Pub Date: Sept. 1, 2021

ISBN: 978-0-19-009684-7

Page Count: 384

Publisher: Oxford Univ.

Review Posted Online: June 25, 2021

Kirkus Reviews Issue: July 15, 2021

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If the authors are serious, this is a silly, distasteful book. If they are not, it’s a brilliant satire.


The authors have created a sort of anti-Book of Virtues in this encyclopedic compendium of the ways and means of power.

Everyone wants power and everyone is in a constant duplicitous game to gain more power at the expense of others, according to Greene, a screenwriter and former editor at Esquire (Elffers, a book packager, designed the volume, with its attractive marginalia). We live today as courtiers once did in royal courts: we must appear civil while attempting to crush all those around us. This power game can be played well or poorly, and in these 48 laws culled from the history and wisdom of the world’s greatest power players are the rules that must be followed to win. These laws boil down to being as ruthless, selfish, manipulative, and deceitful as possible. Each law, however, gets its own chapter: “Conceal Your Intentions,” “Always Say Less Than Necessary,” “Pose as a Friend, Work as a Spy,” and so on. Each chapter is conveniently broken down into sections on what happened to those who transgressed or observed the particular law, the key elements in this law, and ways to defensively reverse this law when it’s used against you. Quotations in the margins amplify the lesson being taught. While compelling in the way an auto accident might be, the book is simply nonsense. Rules often contradict each other. We are told, for instance, to “be conspicuous at all cost,” then told to “behave like others.” More seriously, Greene never really defines “power,” and he merely asserts, rather than offers evidence for, the Hobbesian world of all against all in which he insists we live. The world may be like this at times, but often it isn’t. To ask why this is so would be a far more useful project.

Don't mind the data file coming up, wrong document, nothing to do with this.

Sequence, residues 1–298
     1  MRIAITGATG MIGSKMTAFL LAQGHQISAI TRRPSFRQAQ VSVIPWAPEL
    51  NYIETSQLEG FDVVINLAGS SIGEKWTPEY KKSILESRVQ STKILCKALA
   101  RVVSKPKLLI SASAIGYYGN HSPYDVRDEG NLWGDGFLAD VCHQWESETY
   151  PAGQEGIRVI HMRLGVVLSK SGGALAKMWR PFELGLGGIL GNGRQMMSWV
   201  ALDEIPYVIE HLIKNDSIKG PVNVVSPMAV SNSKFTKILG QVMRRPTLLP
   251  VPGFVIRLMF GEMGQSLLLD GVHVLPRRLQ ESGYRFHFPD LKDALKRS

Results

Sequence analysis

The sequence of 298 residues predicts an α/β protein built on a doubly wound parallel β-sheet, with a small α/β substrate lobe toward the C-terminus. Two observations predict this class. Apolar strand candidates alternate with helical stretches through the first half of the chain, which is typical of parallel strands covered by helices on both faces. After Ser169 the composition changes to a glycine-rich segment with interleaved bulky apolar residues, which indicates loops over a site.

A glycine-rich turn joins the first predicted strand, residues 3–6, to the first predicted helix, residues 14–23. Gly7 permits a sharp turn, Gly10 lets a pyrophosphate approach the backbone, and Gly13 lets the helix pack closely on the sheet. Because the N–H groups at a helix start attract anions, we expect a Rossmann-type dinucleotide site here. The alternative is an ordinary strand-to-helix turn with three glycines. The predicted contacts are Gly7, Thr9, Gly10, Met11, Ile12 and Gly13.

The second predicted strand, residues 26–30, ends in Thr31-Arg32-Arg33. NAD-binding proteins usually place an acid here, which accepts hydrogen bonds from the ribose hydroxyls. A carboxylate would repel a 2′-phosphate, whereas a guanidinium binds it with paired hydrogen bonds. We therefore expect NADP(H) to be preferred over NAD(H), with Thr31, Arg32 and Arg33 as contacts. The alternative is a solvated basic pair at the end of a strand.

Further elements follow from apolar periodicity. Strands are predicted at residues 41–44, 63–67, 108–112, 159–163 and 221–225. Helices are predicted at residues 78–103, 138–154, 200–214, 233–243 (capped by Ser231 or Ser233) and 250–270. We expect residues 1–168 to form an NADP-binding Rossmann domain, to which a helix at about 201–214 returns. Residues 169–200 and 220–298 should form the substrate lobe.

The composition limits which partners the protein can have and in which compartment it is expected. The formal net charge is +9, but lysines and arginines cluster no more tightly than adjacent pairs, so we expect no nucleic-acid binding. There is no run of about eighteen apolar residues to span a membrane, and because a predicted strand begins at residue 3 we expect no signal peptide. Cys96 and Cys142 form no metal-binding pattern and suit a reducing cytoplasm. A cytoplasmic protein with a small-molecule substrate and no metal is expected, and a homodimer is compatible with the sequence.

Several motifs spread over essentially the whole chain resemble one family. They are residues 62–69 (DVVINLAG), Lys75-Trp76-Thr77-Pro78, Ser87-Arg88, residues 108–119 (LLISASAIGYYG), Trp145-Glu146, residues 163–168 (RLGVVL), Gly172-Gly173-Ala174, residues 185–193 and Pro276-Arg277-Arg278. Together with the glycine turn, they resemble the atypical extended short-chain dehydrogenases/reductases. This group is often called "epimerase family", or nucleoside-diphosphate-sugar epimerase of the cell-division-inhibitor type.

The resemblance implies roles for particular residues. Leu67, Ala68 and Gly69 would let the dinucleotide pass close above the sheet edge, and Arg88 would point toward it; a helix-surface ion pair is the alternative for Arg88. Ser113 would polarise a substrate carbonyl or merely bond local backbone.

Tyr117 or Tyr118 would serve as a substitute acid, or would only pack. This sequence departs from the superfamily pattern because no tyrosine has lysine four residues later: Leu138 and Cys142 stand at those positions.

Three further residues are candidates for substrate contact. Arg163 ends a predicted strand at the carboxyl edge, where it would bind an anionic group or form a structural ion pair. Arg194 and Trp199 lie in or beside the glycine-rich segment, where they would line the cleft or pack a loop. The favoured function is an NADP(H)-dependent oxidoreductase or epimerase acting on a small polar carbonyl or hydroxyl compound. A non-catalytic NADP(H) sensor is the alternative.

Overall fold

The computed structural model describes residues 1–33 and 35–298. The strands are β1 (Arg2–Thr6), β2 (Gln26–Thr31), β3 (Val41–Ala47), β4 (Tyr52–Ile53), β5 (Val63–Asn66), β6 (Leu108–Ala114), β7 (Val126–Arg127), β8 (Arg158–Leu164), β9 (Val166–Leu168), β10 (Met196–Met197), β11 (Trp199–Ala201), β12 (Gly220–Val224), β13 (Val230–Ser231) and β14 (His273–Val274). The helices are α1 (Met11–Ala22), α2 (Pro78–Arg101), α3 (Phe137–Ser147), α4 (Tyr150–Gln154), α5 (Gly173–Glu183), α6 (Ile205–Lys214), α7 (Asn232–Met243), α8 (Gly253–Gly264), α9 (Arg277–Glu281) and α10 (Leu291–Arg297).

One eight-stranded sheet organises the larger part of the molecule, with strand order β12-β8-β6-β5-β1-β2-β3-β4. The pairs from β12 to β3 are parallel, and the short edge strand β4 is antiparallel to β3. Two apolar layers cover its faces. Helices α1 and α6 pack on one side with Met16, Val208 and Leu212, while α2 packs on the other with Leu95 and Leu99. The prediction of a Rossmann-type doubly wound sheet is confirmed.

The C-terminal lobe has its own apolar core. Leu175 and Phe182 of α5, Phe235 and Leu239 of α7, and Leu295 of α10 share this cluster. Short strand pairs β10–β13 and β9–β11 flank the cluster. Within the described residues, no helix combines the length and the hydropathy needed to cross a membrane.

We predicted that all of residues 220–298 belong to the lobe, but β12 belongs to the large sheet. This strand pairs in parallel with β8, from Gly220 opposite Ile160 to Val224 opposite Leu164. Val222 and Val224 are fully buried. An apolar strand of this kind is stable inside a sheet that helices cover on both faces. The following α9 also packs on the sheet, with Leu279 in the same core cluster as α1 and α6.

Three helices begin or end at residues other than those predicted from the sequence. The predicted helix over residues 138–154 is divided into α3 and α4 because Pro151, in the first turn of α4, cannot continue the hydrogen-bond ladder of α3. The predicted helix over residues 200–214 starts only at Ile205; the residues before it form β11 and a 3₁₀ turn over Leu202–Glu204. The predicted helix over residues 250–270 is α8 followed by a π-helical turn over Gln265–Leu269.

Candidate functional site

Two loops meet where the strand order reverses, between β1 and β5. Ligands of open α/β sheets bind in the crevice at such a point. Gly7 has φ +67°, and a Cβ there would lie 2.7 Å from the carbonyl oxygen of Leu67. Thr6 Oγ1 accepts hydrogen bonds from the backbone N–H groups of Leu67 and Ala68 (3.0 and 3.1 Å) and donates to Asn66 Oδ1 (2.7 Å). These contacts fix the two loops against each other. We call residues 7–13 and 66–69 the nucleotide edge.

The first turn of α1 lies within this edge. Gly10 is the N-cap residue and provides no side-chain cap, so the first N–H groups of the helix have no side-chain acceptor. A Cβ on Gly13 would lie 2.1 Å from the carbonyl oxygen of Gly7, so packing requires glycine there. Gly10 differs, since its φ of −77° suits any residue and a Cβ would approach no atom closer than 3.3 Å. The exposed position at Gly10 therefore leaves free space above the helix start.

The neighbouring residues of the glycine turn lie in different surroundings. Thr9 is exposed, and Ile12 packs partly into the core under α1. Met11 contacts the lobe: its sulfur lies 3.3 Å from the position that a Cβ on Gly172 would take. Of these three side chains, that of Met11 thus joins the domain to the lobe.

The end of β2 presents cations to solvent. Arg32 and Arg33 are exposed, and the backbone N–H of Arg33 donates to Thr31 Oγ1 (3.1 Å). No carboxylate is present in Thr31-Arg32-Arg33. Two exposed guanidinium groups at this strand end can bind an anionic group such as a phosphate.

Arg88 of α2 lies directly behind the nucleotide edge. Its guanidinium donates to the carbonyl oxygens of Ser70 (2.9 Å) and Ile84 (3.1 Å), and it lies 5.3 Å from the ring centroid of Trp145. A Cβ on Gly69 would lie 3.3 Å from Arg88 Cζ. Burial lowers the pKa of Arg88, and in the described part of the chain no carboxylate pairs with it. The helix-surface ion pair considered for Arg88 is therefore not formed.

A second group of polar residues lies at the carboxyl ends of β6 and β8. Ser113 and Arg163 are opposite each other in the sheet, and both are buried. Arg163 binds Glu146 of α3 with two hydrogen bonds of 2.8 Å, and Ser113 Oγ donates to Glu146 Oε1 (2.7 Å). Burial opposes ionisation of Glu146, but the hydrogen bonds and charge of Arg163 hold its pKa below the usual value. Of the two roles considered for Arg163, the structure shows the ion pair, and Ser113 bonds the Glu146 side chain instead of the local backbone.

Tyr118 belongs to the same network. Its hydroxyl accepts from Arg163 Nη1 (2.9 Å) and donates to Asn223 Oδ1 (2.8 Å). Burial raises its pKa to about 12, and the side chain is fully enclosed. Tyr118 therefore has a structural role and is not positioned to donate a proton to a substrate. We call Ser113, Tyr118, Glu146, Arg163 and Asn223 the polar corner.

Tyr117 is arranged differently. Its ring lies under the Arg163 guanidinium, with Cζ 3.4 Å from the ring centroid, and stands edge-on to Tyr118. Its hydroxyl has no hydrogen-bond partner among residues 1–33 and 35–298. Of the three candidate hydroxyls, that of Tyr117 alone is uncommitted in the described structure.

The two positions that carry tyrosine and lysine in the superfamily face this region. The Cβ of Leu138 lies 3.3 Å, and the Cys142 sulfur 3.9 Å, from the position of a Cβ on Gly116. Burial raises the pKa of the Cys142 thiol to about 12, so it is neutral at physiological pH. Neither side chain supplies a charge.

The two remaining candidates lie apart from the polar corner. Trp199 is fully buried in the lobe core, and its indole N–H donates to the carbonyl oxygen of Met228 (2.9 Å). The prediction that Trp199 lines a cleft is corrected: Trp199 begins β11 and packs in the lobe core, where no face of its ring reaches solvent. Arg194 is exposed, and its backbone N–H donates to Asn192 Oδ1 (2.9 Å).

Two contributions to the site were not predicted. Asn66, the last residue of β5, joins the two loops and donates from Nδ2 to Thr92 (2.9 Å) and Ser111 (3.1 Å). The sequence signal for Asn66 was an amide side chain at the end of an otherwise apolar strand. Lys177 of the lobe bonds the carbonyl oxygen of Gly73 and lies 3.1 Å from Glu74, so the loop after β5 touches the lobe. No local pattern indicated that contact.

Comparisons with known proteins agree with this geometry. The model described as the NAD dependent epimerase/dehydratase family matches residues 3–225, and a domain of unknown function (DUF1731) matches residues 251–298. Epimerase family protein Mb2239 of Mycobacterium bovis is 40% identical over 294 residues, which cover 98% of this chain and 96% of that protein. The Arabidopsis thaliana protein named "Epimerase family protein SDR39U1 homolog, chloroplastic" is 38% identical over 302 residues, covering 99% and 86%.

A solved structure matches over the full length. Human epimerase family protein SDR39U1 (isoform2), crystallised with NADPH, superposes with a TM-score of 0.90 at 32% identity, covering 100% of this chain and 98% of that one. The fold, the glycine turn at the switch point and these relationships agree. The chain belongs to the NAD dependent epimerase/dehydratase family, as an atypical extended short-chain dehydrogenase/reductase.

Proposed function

If the authors are serious, this is a silly, distasteful book. If they are not, it’s a brilliant satire.